The Brits: Pam Thorburn interview
Most people would take setting off the metal detectors at the airport because of the extent of the injuries they’d suffered as a sign that it’s time for a change of career. But instead of swapping snow for safety, 26-year-old alpine skier Pam Thorburn decided to venture into an even more bone-threatening world: ski-cross.
The wintry cousin of BMX racing, ski-cross sees competitors launch themselves from a start gate and tear side by side down a course featuring jumps, rollers and other obstacles. Thorburn, Britain’s number two alpine skier before she made the switch, is now British ski-cross champion. And, she tells Sport, she has her eyes set on success in the Russian city of Sochi and the 2014 Winter Olympics.
So why did you decide to make the switch to ski-cross?
“I had a bit of a heartbreak after the last Olympics, with not being selected [for the alpine skiing team], so that was quite a big disappointment. After that, I did another season on the World Cup tour and got a real injury to my knee, so I decided I really wanted a change. I saw ski-cross and I wasn’t really sure if I was going to be any good at it or not, but I tried it and I loved it. I love the whole head-to-head competition – that really spurs me on.”
It’s fair to say you’ve adapted pretty well…
“I’m British champion this year – I can’t say British number one, because I haven’t done enough races. When I started in March, there were not very many races left in the season. I became national champion in my third ever race – so that was quite good for me!”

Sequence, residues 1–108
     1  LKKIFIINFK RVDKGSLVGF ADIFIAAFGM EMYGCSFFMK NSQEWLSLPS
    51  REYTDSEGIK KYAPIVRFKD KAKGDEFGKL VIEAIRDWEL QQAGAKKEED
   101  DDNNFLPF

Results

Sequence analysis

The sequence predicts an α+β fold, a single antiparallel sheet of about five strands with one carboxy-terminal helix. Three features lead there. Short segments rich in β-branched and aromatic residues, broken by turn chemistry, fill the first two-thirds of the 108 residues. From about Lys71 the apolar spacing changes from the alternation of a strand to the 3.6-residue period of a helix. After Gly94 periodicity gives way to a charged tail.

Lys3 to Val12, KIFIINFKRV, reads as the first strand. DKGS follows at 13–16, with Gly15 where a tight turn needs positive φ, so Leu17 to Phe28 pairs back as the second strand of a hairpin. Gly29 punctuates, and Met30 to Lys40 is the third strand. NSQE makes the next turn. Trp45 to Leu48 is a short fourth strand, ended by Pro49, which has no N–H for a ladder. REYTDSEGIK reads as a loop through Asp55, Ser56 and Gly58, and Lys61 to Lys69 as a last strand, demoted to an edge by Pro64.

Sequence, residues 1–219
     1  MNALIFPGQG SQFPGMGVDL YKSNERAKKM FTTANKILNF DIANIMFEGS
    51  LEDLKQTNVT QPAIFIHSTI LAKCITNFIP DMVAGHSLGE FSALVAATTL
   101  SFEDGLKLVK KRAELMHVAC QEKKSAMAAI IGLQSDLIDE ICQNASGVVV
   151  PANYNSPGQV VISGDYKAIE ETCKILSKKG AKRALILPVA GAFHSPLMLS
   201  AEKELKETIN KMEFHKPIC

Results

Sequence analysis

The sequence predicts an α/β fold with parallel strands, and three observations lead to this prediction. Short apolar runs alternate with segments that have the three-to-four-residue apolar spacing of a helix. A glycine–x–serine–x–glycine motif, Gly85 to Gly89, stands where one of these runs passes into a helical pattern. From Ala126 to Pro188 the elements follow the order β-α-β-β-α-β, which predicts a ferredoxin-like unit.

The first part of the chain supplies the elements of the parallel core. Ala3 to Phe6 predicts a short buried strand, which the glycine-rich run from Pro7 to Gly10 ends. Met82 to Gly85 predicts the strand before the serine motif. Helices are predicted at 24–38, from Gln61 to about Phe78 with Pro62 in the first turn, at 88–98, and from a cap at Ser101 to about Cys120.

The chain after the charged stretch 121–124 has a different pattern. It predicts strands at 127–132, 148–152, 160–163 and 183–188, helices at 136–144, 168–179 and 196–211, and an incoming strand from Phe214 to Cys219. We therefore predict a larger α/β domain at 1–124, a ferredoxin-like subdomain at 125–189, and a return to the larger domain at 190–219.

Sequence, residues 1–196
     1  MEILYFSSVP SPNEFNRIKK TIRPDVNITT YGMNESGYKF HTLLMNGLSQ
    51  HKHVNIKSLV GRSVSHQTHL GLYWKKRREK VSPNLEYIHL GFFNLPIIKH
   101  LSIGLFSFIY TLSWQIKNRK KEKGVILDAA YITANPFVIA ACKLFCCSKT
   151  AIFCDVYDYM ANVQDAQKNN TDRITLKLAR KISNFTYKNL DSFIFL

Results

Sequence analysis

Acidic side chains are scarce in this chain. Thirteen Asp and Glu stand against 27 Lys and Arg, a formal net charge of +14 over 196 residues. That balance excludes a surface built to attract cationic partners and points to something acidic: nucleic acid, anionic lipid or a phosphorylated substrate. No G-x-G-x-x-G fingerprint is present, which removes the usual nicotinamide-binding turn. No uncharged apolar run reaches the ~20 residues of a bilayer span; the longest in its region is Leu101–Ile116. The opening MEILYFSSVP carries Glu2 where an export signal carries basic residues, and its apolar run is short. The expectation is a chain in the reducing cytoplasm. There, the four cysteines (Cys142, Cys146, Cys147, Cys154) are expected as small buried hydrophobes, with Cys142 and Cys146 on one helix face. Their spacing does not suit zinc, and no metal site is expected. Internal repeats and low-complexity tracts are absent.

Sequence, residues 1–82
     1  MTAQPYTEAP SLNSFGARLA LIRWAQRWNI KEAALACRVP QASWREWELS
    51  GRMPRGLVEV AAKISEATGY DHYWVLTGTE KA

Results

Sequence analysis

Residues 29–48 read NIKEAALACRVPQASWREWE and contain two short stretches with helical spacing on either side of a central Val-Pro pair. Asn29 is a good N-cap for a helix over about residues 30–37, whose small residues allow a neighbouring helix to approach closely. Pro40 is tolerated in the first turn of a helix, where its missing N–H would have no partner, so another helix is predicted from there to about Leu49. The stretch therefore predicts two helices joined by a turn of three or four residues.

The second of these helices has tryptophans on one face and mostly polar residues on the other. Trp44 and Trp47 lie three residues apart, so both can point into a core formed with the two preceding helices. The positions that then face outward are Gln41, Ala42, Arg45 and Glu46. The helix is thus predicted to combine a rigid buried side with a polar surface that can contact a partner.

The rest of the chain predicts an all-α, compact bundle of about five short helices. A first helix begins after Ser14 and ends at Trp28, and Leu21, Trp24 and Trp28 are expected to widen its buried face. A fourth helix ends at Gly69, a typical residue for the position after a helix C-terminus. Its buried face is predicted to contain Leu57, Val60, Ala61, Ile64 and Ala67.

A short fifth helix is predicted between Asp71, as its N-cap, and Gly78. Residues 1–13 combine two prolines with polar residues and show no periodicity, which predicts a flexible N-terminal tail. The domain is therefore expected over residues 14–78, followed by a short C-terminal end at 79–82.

How much has your previous experience helped you?
“There’s a lot of things that are very similar, and the alpine skiing background really helps in the turns. The biggest surprise I’ve found is the features – all the jumps and rollers. They’re very new to me, and they make such a difference for the actual race. There’s a lot of time to be lost and gained with those, so that’s probably the biggest thing I’m working on learning.”
Do you get much chance to train? Ski-cross tracks must be quite hard to come by…
“The thing is, it’s tough for a ski resort to build a ski-cross track because the public can’t really use one that we can train on – the jumps are so big and it’s really like a full-on hardcore track. All the teams will go to the same three or four resorts that have a track. Other than that, when you can’t train on an actual track you just have to train on the features like the rollers, and I do a lot of skiing in the parks on the big jumps. It’s tough – I only did my first training on an actual course last week, and that was like the first time we had it [outside of competition].”
Presumably it’s the same for everyone?
“Yeah, but the big teams can kind of manage that better than I can – it’s very expensive to train on a track, but they can be based on one all year round. So, for that side of things, it’s a little different. I’m on a team of one right now – it’s me travelling with my coach, and ski-cross is obviously a sport where you’re racing against other people, so having training partners to push you and ski beside you is a big difference. It’s hard to simulate that race effect when you’re by yourself.”
The Olympics is the target – have you got a plan in place for qualification?
“That’s the goal this season. We have quite a lot of World Cup races, which are all for qualification this year. I have a plan. I’m not going to go in all guns blazing right at the very start of the season, because I think that would be stupid when I’m still kind of learning. Everything seems to be going the right way now, and it’s amazing each time I get on snow how much better things get and how much more my confidence rises.”
Amit Katwala @amitkatwala